ARLINGTON, Va., Aug 29, 2012 (BUSINESS WIRE) -- For the past 21 years, the Toshiba/NSTA ExploraVision Program has motivated hundreds of thousands of students across the U.S. and Canada to excel - and have fun - at science. The world's largest K-12 student science competition, Toshiba/NSTA ExploraVision is a hands-on program that has evolved over the years, and continues to inspire young people to tap into their creativity, use critical-thinking, and combine it with the tools of science and technology to come up with ideas and inventions that could make the world a better place in the future. Announced today, applications for the 2013 competition will be available online at ExploraVision.org starting September 1st. The deadline for all projects is January 31, 2013.
Changes in 2013 Program Align It with NRC Framework for K-12 Science Education
Underwritten by Toshiba and administered by the National Science Teachers Association (NSTA), ExploraVision challenges students to work in a team of two to four to research scientific principles and current technologies as the basis for designing innovative technologies that could exist in 20 years. Throughout its history, Toshiba/NSTA ExploraVision has always remained true to its core mission, to encourage excellence and motivate students in the STEM (Science, Technology, Engineering, Math) disciplines. This year, ExploraVision is unveiling several key changes that align the program more closely with the National Research Council's (NRC) Framework for K-12 Science Education, which will help define science education for the next 20 years and become a foundation for the development of the Next Generation Science Standards. Toshiba/NSTA ExploraVision is one of the first national competitions to align its efforts with this new initiative.
Among the changes to this year's program, is a requirement that as students provide an overview of their project idea for a new technology, they must also define a key challenge or limitation of the present technology upon which their idea is based. Additionally, students must describe a research project that would have to be planned and carried out in order to test their ExploraVision project, including, if possible, the type of data or measurements that would be used in the assessment. For the first time, team members must also create a Web page devoted to a depiction of a model or visual representation of the technology that could be used to create a prototype for display.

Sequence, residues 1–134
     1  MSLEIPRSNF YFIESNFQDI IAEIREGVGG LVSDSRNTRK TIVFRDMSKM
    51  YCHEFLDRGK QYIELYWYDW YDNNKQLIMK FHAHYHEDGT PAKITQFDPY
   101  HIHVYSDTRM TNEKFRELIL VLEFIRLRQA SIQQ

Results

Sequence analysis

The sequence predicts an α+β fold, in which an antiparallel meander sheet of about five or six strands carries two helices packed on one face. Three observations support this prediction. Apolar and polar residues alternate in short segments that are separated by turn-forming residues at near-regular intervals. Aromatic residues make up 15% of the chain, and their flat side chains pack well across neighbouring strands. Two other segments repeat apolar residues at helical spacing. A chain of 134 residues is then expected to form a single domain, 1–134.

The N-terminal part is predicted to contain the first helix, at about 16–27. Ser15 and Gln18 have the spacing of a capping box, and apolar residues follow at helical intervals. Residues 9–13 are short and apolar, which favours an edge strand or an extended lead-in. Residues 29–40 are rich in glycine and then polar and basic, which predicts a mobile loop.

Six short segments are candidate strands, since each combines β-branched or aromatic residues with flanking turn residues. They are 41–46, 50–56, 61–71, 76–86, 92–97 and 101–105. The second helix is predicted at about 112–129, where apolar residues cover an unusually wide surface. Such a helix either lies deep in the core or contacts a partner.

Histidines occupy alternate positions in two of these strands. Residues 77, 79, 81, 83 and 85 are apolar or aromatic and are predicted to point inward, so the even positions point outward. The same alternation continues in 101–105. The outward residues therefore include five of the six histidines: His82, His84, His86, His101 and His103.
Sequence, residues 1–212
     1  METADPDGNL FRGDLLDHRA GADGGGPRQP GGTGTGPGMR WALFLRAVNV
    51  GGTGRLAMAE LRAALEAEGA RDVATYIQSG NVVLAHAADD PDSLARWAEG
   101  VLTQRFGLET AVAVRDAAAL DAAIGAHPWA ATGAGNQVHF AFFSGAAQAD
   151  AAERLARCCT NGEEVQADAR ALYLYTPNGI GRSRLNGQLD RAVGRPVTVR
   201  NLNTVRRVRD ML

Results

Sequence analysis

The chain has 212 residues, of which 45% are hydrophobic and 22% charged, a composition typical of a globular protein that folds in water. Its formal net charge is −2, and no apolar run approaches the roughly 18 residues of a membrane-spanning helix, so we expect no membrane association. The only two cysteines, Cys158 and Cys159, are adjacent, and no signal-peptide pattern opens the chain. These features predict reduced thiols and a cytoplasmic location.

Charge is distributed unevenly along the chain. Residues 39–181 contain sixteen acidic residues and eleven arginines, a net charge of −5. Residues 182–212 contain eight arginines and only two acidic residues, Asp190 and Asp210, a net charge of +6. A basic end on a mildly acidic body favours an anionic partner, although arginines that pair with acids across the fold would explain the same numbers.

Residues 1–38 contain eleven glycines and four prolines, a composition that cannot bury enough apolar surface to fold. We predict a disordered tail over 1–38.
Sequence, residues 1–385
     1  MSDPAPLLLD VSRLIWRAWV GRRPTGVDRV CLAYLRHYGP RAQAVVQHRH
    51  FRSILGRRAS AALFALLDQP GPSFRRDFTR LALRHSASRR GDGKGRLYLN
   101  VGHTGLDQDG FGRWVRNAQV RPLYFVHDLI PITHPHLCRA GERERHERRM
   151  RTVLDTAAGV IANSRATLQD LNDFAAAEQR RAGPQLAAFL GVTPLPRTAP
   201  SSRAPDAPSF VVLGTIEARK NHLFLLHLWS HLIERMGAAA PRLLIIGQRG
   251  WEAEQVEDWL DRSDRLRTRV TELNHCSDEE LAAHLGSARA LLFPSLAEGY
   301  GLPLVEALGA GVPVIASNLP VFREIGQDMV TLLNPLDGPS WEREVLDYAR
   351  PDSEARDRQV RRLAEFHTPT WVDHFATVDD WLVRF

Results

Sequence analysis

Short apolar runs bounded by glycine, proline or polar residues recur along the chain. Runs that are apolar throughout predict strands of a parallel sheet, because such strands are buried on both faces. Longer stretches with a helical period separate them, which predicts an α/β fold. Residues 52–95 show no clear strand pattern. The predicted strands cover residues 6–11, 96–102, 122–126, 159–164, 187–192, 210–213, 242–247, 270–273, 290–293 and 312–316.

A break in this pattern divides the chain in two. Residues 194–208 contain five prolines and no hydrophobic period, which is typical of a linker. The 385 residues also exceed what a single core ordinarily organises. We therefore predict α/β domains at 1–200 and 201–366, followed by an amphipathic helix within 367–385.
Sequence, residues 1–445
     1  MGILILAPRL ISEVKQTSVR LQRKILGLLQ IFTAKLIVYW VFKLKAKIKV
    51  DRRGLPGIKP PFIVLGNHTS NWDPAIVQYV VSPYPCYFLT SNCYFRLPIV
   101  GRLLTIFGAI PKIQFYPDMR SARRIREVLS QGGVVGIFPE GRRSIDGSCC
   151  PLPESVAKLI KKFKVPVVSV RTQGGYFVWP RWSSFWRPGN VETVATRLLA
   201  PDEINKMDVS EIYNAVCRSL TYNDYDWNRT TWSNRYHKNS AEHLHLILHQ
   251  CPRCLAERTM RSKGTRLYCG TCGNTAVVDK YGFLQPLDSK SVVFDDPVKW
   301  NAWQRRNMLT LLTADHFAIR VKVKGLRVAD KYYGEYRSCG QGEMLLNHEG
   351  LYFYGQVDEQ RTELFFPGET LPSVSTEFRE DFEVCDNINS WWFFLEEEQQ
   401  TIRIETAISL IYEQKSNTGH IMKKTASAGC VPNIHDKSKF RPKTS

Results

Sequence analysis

Mr. Masaaki Osumi, Toshiba America Inc.'s Chairman and CEO, and Toshiba's Corporate Representative for the Americas, commented on the importance of ExploraVision to the company's global initiative to enhance science education, noting: "Toshiba is a global company, and here in North America, we are engaged in a wide variety of different businesses and activities, everything from the development of semiconductors and laptop computers to the manufacturing of advanced power generation equipment, magnetic resonance imaging and x-ray equipment. What ties everything together for Toshiba is our corporate wide passion for innovation, science and learning, and the ExploraVision program is a perfect reflection of these ideals. Toshiba and other technology companies need innovators for the future, and it's especially gratifying to us that so many of our past ExploraVision winners have told us how participating in this program taught them to appreciate innovation and creativity. We are also especially pleased that ExploraVision has become such a major part of the science curriculum in schools throughout the country, and by aligning it even more closely with the NRC Framework for K-12 Science Education, we are confident that the program will continue to play an increasingly important role in science education."
"The key to cultivating and sustaining the next generation's interest in science, technology, engineering and math is to engage them in discovery and innovation," said Dr. Gerry Wheeler, interim executive director, NSTA. "The ExploraVision program not only teaches important lessons about real science through critical-thinking and cooperative learning, it provides an excellent way to spark the imagination of students in the STEM disciplines."
A Valuable Tool for promotion STEM